Fall 2013 Courses

  • Please note that for the 2013-14 academic year, official course numbers are now four digits. This page only shows the older three-digit course numbers. If you need to see both the old and the new numbers, consult the College Catalogue.
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101. Elementary Russian I
Michael Klimov M 9:30 - 10:25, W 9:30 - 10:25, F 9:30 - 10:25
Emphasis on the acquisition of language skills through imitation and repetition of basic language patterns; multimedia material (seeing and making short film clips); the development of facility in speaking through interactive dialogues and understanding simple Russian. Conversation hour with native speaker.
203. Intermediate Russian I
Raymond Miller M 10:30 - 11:25, W 10:30 - 11:25, F 10:30 - 11:25
A continuation of Russian 1102 {101} and 1102 {102}. Emphasis on maintaining and improving the student’s facility in speaking and understanding normal conversational Russian. Writing and reading skills are also stressed. Conversation hour with native speaker.
219. Of Men and Monsters: Humanity versus Technology in Modern and Post-Modern Russian Literature
Kristina Toland T 10:00 - 11:25, TH 10:00 - 11:25
Asks what it means to be “human” as we examine the aesthetic and ethical consequences of human interactions with technology in Soviet and contemporary Russian culture. Analyzes texts and films that feature humans, robots, man-machine hybrids, and bodily transformations to provide an opportunity to discuss the ways humans interact with each other and to interrogate the values of technological innovations through the figure of the monster. In looking at the relationships between body and technology and body and culture, considers the ways in which alternative embodiments emerge out of particular political and social regimes and ideologies. Additional theoretical texts help to show how the humanist belief in the natural supremacy of Man has been called into question at specific moments of Russian history.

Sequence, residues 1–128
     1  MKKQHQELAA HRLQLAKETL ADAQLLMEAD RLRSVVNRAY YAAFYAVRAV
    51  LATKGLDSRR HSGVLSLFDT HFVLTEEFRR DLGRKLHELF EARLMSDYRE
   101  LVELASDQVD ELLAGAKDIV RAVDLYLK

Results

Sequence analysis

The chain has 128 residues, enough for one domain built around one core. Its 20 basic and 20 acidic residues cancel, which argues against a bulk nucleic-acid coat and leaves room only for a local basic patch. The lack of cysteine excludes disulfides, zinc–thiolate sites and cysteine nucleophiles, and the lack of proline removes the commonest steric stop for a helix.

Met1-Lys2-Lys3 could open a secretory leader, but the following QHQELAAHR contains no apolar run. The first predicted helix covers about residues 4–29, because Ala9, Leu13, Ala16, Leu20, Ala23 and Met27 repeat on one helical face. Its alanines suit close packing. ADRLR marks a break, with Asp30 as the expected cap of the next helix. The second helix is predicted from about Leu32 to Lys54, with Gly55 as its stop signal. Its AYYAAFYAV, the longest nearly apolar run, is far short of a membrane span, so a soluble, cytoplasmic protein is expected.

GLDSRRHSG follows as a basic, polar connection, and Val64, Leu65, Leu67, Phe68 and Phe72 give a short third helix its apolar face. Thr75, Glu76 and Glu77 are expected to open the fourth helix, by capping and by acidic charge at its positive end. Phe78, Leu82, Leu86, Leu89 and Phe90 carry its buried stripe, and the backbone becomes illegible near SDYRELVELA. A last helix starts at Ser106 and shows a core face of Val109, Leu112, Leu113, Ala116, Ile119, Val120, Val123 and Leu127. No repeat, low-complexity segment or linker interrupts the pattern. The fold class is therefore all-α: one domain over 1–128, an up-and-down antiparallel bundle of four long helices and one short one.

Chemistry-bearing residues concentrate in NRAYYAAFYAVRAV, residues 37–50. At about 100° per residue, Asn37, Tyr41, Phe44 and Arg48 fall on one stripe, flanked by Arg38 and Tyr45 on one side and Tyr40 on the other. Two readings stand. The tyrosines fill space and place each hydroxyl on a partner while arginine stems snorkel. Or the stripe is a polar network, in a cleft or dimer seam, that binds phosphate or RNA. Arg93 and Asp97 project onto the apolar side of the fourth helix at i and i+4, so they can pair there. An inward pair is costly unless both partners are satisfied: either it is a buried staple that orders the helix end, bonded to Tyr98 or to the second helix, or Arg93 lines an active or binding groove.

220. Nineteenth-Century Russian Literature
Raymond Miller T 2:30 - 3:55, TH 2:30 - 3:55
Traces the development of Russian realism and the Russian novel in the context of contemporary intellectual history. Specific topics include the Russian response to Romanticism; the rejection of Romanticism in favor of the “realistic” exposure of Russia’s social ills; Russian nationalism and literary Orientalism; the portrayal of women and their role in Russian society; the reflection of contemporary political controversies in Russian writing. Authors include Pushkin, Gogol’, Lermontov, Belinsky, Turgenev, Dostoevsky, and Tolstoy. Russian majors are required to do some reading in Russian.
305. Advanced Reading and Composition in Russian
Raymond Miller
Intended to develop the ability to read Russian at a sophisticated level by combining selected language and literature readings, grammar review, and study of Russian word formation. Discussion and reports in Russian. Conversation hour with native speaker.
310. Modern Russian Literature
Kristina Toland
An introduction to twentieth-century Russian literature from Symbolism to Postmodernism. Reading of poetry by Blok, Akhmatova, Mayakovsky, Evtushenko, and Okudzhava, along with short prose by Zamiatin, Babel, Zoshchenko, Kharms, Shalamov, Aksenov, Shukshin, Petrushevskaya, Tolstaya, Ulitskaya, Sadur, and Pelevin. Close readings of the assigned works are viewed alongside other artistic texts and cultural phenomena, including the bard song, film, conceptual and sots-art, and rock- and pop-music.